Thursday, December 14, 2017

How Colorado unwittingly sided with Masterpiece Cakeshop in the SCOTUS hearing

During the Masterpiece Cakeshop vs. Colorado Civil Rights Commission (CCRC) case before the Supreme Court of the United States, an attorney for Colorado unwittingly sided with Masterpiece Cakeshop.1

A quick summary of the case is that a gay couple in 2012 wanted Masterpiece Cakeshop to make them a rainbow-filled custom cake in celebration of their gay "wedding." Shop owner Jack Phillips is a religious man opposed to the concept of gay "marriage" and so chose not to affiliate his cake artistry in celebration of a gay "wedding" ceremony. Attorneys for Masterpiece argued that free speech protects their client from being compelled to make speech—in this case the artistic expression of a custom cake—contrary to his beliefs.

There are many facets to this case and the December 5 SCOTUS hearing worth discussing, including free speech, what verdicts should be rendered, or what laws might be best in a free market. But the purpose of this blog post is to focus on the apparently inadvertent concession made by CCRC.


In the middle of the hearing, an exchange took place between Justices Alito and Sotomayor and Frederick Yarger, solicitor general on behalf of CCRC.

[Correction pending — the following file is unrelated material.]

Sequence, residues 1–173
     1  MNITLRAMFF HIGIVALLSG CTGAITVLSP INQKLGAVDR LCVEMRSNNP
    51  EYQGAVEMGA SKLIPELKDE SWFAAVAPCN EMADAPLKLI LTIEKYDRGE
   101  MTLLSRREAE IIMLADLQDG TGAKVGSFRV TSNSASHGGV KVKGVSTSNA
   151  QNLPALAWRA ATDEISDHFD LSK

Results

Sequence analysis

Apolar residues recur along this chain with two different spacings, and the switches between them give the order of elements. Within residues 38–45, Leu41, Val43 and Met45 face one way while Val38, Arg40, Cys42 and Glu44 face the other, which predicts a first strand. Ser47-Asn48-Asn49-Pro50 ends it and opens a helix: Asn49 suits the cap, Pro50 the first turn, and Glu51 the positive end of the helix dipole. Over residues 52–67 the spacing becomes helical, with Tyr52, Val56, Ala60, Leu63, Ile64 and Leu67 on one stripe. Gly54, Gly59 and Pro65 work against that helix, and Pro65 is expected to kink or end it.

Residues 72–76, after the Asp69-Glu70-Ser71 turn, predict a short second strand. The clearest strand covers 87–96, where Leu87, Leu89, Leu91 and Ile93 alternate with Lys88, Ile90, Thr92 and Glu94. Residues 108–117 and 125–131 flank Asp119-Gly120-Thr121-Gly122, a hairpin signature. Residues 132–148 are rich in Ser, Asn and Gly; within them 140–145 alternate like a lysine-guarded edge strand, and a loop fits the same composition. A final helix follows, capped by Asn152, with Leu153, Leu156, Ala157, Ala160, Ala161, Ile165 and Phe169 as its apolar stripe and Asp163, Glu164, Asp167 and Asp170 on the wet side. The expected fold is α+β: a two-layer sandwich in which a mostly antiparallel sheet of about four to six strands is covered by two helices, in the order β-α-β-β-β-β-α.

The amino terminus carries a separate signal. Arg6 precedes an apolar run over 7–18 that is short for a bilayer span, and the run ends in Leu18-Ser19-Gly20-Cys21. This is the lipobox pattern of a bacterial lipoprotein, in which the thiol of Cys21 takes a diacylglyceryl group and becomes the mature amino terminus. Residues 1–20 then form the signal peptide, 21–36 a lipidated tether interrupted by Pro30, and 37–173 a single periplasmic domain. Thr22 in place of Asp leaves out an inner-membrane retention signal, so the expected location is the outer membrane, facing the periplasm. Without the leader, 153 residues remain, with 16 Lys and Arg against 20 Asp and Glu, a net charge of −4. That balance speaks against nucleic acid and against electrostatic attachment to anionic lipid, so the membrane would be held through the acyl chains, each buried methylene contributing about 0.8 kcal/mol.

YARGER: Mr. Phillips would not be required to sell a cake to a gay couple that he wouldn't sell to his other customers.
Justice Alito interjected:
JUSTICE ALITO: Mr. Phillips would not— do you disagree with the fact that he would not sell to anybody a wedding cake that expresses approval of same-sex marriage?
Yarger does not answer the question directly but admits his case requires the presence of discrimination based on the identity of the customer:
YARGER: What he may not do as a public accommodation that offers to the public ... is decide that he won't sell somebody a product that he would otherwise sell because in his view the identity of the customer changes the message.
JUSTICE ALITO: No, he didn't say the identity. He said the message.
Crosstalk occurred until Justice Sotomayor interjected:
JUSTICE SOTOMAYOR: I'm sorry, could you answer the question asked?  Let's assume this couple did come in and wanted the rainbow cake. ... And this gentleman says one of two things:  If you're same-sex, I'm not going to provide you with a rainbow cake or I don't create rainbow cakes for weddings because I don't believe in same-sex marriage.  I'm not going to sell it to you. I'm not going to sell it to a same (sic)— a heterosexual couple.  I just don't want to be affiliated with that concept of rainbowness at a wedding, any kind of wedding.
Yarger then repeated the parameter which would unravel his own case if true:
YARGER: Justice Sotamayor, in that latter case, if that was truly a product he wouldn't sell to any other customer, he wouldn’t sell to any other customer, he would not have to sell it to this customer.